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Author Topic: With DX stations ... what does "Up" mean.  (Read 1900 times)
KU8K
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« on: November 26, 2012, 05:15:56 PM »

I see this often when people are talking about DX stations or DXpeditions.  They will say something like 7.160 up 5.  I don't feel as if I'm exactly clear how this works.  Could I get a little explanation? Does it mean that the DX'er is listening on 7.160 and responding on 7.165? I know this is probably the stupid question of the day, but I need to know.

Thank in advance. 
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AD9DX
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« Reply #1 on: November 26, 2012, 05:33:24 PM »

Say Mauritius is spotted on 7,160 (up 5) that means that the station is Transmitting on 7,160 and listening on 7,165.  These are usually approximate frequencies, and sometimes people will lie about where they are listening.  Also some spotters won't put on the "split" on the spotting network.  So the best policy is to find the DX listen and after you are sure what you are listening to, THEN transmit. 
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EX, KC9TRM, KB9IRZ
K0RS
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« Reply #2 on: November 26, 2012, 08:38:38 PM »

As AD9DX indicated, if the DX says "5 up," he is listening for your call at least 5 kHz up.  There are two reasons for this.  1: It spreads the callers out so the DX stations stands a chance of picking out calls more easily.  2: It gets callers off his transmit frequency so callers can actually hear him and respond appropriately.  Simplex pileups (all stations on the same frequency) tend to be a real nightmare with nonstop calling because no one can hear the DX respond.

When a DX station says up 5, that usually means that is the minimum difference from his transmit frequency that he listening.  He may be taking calls up 10 or even more.  That's your puzzle to figure out.  Dual receive transceivers make this much easier, but nearly all modern transceivers provide some facility for monitoring your own transmit frequency so you can determine where exactly you want to put your signal.

As I type, I am listening to EL2LF on 30m.  He's transmitting on 10.105 and listening for replies on roughly 10.107, which of course is "up 2," but he doesn't say this.  Only occasionally he says "up" after his call.  His transmit frequency never changes, but he moves his receiver around picking out calls.   When you hear a rare station, especially a DXpedition, assume they are working split unless you can actually hear the DX station responding to callers on his own frequency.  CW pileups such as this one tend to be much more closely spaced than SSB pileups.

The trick is to find the last station(s) the DX worked and plant your signal near there.  Often the DX listens in a predictable pattern, moving up or down the band after each QSO, and it's your job to figure that out.  Obviously the best thing to do is plant your transmit signal where the DX is going to be listening next.  Some DX stations make this easy to do, and some are quite difficult.  It's all part of gaining DXing skill.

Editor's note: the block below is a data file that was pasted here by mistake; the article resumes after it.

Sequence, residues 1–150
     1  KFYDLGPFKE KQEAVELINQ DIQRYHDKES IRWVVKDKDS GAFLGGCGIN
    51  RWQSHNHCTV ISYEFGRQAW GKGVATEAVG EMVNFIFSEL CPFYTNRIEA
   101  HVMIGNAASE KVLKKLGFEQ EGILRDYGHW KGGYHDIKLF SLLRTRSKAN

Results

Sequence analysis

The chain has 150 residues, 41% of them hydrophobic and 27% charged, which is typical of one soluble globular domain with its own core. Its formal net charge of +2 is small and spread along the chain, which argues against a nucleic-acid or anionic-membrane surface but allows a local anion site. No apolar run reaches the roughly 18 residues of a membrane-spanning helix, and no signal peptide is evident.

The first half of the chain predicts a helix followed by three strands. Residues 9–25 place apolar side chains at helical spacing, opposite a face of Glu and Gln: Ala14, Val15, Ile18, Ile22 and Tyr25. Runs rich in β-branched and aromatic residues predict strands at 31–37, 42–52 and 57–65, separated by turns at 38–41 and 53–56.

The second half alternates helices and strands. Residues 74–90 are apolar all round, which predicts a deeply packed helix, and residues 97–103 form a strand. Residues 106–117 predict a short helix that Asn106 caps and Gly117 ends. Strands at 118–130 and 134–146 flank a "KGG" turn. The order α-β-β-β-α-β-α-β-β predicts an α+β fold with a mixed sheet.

« Last Edit: November 26, 2012, 08:53:06 PM by K0RS » Logged
NU1O
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« Reply #3 on: November 27, 2012, 08:10:33 AM »

When AD9DX says the DX stations "lie" he means they are sometimes listening to a wider range than what they give out, not that they are lying about the basic information they give out.  If a station says he is listening "up 2" that means sometimes that is exactly where he is listening, whereas other times it means they are listening from 2 to 5 up, 2 to 10 up, or 2 to 20 up. Sometimes a station may listen down a few kHz but that is for another lesson. When a station has a very wide listening range he will usually just transmit Up, and not Up 2.

With experience you will learn which stations need a very wide spread (say, 5 to 15 up for CW) due to the heavy demand for the location they are at, which stations can operate listening more or less close to "up 2", and which stations don't need to operate "duplex" or "split" at all and can transmit and receive on the very same frequency which is known as simplex.

This is a lot easier to demonstrate in person than to write out and it's not nearly as complex as it may seem.  I wish more people would ask basic questions as you did.  During virtually every pileup we have for a rare entity we constantly hear hams transmitting on the DX station's frequency. Either a lot of hams do not understand this very basic concept or they are intentionally interfering with the DX stations to lessen enjoyment for other hams. It's extremely difficult to believe we have so many hams who do not understand this most basic of operating practices!

Chris/NU1O

« Last Edit: November 27, 2012, 08:55:24 AM by NU1O » Logged
N1UK
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« Reply #4 on: November 27, 2012, 08:57:54 AM »

The older radios only had one VFO,  so split operation (over a limited range) could be done by using the RIT control. Radios like my old TS930S came out with 2 VFO's which means I can easily transmit UP and listen on the DX frequency. To listen to my tx frequency (where the DX is listening I hope) I have a spring loaded TF SET button. When the DX is listening to another station I depress the TF SET button and tune around to see if I can hear the guy who is working the DX. If I do, then I know that is where the DX is listening right at this moment. If I can't find him, I have to gauge the time and then release the TF SET button and return to listening to the DX. I repeat this process as necessary. If you are transmitting near or on the frequency that the  DX is listening to then it will greatly increase your chances of working him.

The new fancy radios have DUAL WATCH. This means that they have two independent receivers, so now you can hear the DX in one ear and the guy he is working in the other ear. No guessing now on when to release the TF SET button. You can hear it all in stereo. This helps you to stay in sync with the DX. There is no point calling him when he is transmitting like lots of ops are doing in every pileup that I have listened too.